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Reported fatigue in people after Guillain-Barré Syndrome: a retrospective national survey in the UK

Stockley, R and Walton, T and Brissenden, S and Campbell, M and Davidson, I (2013) Reported fatigue in people after Guillain-Barré Syndrome: a retrospective national survey in the UK. Italian journal of Phsyiotherapy (now Archives of Physiotherapy), 3 (4). pp. 154-160.

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Abstract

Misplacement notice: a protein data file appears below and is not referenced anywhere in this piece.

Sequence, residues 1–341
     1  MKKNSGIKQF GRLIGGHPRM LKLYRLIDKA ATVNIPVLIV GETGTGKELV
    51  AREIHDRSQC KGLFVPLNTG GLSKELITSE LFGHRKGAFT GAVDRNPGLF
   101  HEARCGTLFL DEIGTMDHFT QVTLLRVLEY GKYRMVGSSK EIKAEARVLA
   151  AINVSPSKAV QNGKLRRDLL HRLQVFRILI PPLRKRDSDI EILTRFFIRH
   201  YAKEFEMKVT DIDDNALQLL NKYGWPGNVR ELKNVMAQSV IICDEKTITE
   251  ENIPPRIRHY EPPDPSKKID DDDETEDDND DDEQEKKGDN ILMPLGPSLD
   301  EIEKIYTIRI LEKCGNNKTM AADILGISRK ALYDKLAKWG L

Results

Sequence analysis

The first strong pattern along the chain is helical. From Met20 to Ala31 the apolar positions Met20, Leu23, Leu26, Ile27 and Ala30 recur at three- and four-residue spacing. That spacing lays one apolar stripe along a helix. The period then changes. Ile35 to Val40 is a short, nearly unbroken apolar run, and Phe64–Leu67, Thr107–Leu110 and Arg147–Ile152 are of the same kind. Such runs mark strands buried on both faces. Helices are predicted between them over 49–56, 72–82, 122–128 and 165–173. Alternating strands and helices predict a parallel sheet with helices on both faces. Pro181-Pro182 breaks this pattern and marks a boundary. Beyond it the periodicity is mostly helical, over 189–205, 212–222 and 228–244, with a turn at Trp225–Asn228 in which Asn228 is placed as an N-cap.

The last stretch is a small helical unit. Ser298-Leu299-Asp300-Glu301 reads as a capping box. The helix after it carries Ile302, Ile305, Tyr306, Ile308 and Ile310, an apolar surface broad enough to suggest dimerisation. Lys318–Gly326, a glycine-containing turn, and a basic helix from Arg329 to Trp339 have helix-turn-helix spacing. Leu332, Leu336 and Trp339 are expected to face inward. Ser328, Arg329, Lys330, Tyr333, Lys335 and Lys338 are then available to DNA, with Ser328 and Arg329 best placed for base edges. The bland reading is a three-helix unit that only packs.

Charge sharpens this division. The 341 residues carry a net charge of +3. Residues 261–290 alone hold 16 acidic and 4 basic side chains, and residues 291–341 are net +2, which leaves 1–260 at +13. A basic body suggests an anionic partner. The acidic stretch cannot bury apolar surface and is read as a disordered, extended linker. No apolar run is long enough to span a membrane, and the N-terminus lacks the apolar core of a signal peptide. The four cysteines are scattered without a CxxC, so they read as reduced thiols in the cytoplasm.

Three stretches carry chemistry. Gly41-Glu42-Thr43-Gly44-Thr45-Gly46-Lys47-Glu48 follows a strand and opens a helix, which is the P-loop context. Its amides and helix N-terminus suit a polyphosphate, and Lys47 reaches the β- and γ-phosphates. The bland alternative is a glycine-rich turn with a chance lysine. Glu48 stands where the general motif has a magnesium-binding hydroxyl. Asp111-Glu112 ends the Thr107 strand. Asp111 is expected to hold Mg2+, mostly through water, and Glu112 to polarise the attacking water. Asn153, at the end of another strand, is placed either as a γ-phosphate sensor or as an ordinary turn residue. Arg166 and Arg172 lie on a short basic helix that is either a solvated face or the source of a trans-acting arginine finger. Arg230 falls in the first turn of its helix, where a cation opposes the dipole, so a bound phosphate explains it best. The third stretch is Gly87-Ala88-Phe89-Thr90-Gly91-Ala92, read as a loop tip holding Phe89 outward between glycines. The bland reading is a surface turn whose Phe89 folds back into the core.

Aim. Despite continuing functional recovery over time, fatigue remains a persistent feature of post-acute GuillainBarré Syndrome (GBS). The aim of this study was to determine the prevalence of fatigue in people after GBS and investigate its associations with other factors after GBS. Methods. Validated questionnaires including the SF-36 and fatigue severity scale were sent to members of the GBS support group, a UK wide patient and carer organisation. Results. A total of 884 questionnaires were returned (58% response rate). Respondents’ answers demonstrated that those with severe fatigue following GBS had spent longer in hospital than those who were not severely fatigued (P=0.003). Poorer mental health was also associated with more severe fatigue. A strong predictor of prolonged fatigue was discharge from hospital in a wheelchair (OR=2.37, 95% CI 1.52 to 3.71, P<0.001) but the severity of fatigue appeared to be independent of recovery of mobility (Kendall’s taub=0.03, P=0.2). Conclusion. This survey is the largest study of fatigue in people after GBS. Its findings demonstrate that fatigue remains a persistent problem for many people after GBS. More severe fatigue was associated with decreased health related quality of life and increased levels of depression and anxiety in people after GBS. Whilst the severity of fatigue was significantly associated with poorer mobility on discharge, there was no association between the recovery of mobility after discharge and fatigue severity. This indicates that whilst other impairments and activity limitations improved over time, fatigue did not and implies that more severe fatigue is not simply an indicator of a more severe presentation of GBS. Whilst the reasons for persistent severe fatigue remain unclear, this study indicates that further investigations of mobility, mental health and fatigue are warranted so that targeted interventions can be put in place to manage this debilitating complication. (It J Physiotherapy 2013;3:154-60)

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